11 Types of Condoms, Plus the Pros and Cons

Use our condom guide to help pick the best condom for you.

Any time there's skin-to-skin contact during sex—whether it be oral, genital, or anal sex—there's a risk of spreading sexually transmitted infections (STIs). Therefore, you should use condoms in almost every sexual interaction. Plus, they are 82% effective at preventing pregnancy with typical use.

Condoms come in a variety of shapes, colors, and sizes which can make choosing one all the more confusing. The good news is you can't really go wrong (as long as you grab the right size, of course).

So instead of stressing about the rubber you choose, focus on what might feel good or fun for you and a partner. Here are 11 types of condoms you may come across—and the pros and cons of each.

Types of Condoms You Should Know About
Photo by Anna Shvets from Pexels

Latex Condoms

Standard latex condoms are the most common type of rubber and a reliable choice for preventing pregnancies and STIs. That's because latex is a non-porous material that's easy (and cheap) to produce. When you use a latex condom, avoid using oil-based lubes like:

  • Lotion
  • Massage oil
  • Baby oil
  • Vaseline

Oil-based lube can break down latex, making these condoms less effective. Therefore, it's best to opt for a water or silicone-based lube when you use a latex condom.

If you notice any itching, redness, or rash after using one, ask a healthcare provider to test you for a latex allergy.

Non-latex Condoms

If you have a latex allergy, you still have plenty of options. This includes condoms made of:

  • Polyurethane
  • Polyisoprene
  • Lambskin

Polyurethane and polyisoprene condoms are made from synthetic materials and protect against both pregnancy and STIs. Synthetic condoms can also function properly with oil-based and water-based lubes.

Lambskin condoms can also be used with both types of lube. They are effective at protecting against pregnancy, but they aren't recommended for protection against STIs or HIV.

Internal Condoms

Unlike external condoms, internal condoms—sometimes called female condoms—are inserted inside the vagina.

Because they are more difficult to insert, internal condoms are only 79% effective in practice. To avoid pregnancy, combine them with another form of birth control, such as:

  • Birth control pill
  • IUD (intrauterine device)
  • The patch

The big benefit of internal condoms is that they provide those with vaginas greater control over their sexual health. Plus, you can insert them up to eight hours before sex, so you don't have to pause for a condom break in the heat of the moment.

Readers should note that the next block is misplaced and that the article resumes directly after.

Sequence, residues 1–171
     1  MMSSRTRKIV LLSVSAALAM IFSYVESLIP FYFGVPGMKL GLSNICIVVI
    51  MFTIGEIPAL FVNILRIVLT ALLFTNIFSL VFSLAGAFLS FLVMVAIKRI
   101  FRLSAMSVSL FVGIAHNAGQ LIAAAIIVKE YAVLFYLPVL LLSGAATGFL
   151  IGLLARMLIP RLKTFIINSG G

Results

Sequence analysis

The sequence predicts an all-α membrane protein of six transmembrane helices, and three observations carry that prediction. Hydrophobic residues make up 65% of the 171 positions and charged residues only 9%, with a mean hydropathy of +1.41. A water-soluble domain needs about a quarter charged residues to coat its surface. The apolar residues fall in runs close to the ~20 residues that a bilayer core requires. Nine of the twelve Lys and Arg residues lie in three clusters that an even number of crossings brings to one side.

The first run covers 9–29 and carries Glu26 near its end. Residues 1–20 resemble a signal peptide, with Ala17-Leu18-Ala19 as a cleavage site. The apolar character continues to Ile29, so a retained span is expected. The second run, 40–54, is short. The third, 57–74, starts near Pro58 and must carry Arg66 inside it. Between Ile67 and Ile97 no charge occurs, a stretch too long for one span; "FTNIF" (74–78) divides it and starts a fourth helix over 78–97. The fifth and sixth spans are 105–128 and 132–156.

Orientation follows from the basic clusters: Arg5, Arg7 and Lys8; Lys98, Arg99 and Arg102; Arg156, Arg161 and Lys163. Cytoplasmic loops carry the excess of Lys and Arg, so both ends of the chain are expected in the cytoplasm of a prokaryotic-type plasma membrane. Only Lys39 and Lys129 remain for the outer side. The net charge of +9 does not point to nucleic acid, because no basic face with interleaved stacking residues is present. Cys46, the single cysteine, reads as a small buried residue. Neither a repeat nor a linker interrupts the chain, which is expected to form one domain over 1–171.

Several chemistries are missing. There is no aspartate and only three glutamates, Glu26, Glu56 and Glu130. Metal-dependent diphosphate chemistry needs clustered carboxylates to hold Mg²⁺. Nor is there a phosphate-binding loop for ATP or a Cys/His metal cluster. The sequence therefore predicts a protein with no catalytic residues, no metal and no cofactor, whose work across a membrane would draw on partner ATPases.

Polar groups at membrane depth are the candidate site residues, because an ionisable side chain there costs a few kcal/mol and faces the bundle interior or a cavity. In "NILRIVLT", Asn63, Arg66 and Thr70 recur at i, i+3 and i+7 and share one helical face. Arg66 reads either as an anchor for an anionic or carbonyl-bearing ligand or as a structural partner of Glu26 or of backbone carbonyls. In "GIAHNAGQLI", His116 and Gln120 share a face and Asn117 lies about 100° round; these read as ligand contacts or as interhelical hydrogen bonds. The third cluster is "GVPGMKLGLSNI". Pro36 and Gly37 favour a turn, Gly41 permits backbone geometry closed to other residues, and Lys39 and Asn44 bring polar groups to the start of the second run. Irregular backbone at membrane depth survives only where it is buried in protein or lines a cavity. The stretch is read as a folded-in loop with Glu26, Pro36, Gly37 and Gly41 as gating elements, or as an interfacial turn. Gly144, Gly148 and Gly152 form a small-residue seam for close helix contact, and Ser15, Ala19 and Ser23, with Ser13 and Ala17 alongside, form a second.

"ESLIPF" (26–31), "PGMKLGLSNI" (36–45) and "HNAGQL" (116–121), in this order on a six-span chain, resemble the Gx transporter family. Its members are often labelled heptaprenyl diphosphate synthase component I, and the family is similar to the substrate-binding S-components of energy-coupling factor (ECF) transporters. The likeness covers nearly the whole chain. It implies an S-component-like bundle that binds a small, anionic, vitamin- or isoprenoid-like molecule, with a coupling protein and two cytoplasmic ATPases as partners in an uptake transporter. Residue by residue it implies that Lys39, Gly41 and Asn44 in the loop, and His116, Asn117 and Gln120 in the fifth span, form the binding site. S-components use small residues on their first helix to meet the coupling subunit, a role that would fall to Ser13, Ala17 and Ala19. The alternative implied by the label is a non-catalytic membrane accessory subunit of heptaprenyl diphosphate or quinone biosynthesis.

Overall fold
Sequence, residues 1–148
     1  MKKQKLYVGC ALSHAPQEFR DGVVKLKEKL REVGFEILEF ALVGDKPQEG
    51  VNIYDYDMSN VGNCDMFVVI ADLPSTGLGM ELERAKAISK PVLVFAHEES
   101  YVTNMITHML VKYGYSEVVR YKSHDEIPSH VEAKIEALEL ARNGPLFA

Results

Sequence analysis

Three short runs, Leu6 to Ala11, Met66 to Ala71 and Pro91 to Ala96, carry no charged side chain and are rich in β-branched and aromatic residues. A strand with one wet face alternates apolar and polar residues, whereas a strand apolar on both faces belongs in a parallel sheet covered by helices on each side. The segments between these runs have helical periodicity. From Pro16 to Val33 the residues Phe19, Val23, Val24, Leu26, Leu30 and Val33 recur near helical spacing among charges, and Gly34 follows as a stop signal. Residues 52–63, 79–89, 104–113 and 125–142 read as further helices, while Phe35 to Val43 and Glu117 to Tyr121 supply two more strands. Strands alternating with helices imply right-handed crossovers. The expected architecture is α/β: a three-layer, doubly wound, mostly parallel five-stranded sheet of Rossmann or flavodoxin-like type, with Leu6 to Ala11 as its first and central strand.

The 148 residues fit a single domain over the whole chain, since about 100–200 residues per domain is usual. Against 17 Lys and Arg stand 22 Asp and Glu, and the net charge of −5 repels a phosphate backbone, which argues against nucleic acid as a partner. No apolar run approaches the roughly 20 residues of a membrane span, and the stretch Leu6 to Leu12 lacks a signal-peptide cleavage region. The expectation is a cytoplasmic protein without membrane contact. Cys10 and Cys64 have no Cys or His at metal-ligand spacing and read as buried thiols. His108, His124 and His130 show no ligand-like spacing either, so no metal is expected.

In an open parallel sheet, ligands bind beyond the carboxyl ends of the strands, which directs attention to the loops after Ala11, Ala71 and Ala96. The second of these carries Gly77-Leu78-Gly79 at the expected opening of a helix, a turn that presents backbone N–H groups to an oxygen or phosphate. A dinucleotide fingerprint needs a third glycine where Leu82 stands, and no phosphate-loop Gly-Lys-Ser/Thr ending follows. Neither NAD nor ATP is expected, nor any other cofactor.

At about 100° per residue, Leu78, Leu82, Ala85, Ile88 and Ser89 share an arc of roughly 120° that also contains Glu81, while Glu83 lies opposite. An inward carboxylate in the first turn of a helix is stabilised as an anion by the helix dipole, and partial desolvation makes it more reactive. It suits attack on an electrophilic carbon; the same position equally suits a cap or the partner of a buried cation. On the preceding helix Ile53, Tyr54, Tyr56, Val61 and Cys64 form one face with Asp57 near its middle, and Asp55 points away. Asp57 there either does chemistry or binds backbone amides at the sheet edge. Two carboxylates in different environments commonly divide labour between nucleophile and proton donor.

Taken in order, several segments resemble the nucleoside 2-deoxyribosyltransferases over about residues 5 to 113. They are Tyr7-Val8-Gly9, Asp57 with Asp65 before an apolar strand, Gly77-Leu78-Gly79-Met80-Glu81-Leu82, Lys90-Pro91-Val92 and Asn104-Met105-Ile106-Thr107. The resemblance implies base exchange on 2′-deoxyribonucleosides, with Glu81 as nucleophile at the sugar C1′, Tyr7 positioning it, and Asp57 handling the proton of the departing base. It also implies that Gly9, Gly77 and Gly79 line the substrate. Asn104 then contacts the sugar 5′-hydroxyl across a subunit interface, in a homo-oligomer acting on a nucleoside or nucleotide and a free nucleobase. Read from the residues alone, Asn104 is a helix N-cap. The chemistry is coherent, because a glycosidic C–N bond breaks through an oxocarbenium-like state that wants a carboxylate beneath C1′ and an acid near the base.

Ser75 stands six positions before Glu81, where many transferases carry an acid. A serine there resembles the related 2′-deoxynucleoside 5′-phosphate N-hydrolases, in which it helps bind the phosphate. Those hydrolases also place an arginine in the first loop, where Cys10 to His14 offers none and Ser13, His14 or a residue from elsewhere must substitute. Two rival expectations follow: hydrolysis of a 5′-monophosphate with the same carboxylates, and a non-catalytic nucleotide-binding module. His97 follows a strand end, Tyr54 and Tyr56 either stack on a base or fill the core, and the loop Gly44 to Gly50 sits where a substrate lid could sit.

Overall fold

Just make sure not to use them with external condoms because that increases the risk of breakage for both.

Lambskin Condoms

Lambskin condoms are made from the lining of animal intestines. While the material may feel more natural or increase sensitivity during sex, it's also much more porous.

The holes in lambskin are large enough that some STIs, like HIV or herpes, can pass right on through. Therefore, they don't protect against STIs and are much less effective at preventing pregnancy. So unless they're the only condom present, it's best to skip over these products.

Flavored Condoms

Flavored condoms are an easy way to add a bit of novelty to the bedroom, especially if you or a partner dislike the taste of latex during oral sex. Plus, they're essentially the same as good ol' latex condoms— except one's covered in a tasty coating.

These condoms are also safe for vaginal sex, but if you notice any vaginal irritation, switch to a different type of condom next time.

Glow-in-the-dark Condoms

Your friend bought you a whole box of glow-in-the-dark condoms as a joke gift for your birthday, but they're not actually safe to use, right?

Turns out, glow-in-the-dark condoms are typically made from latex. So they're just as effective as your average condom. It all comes down to personal preference; it's not a safety issue.

Ribbed Condoms

If you're perusing the condom aisle, you may see some boxes claim to enhance pleasure thanks to their unique design and shape. More often than not that signifies that their sheaths are ribbed, meaning they have additional texture on the outside.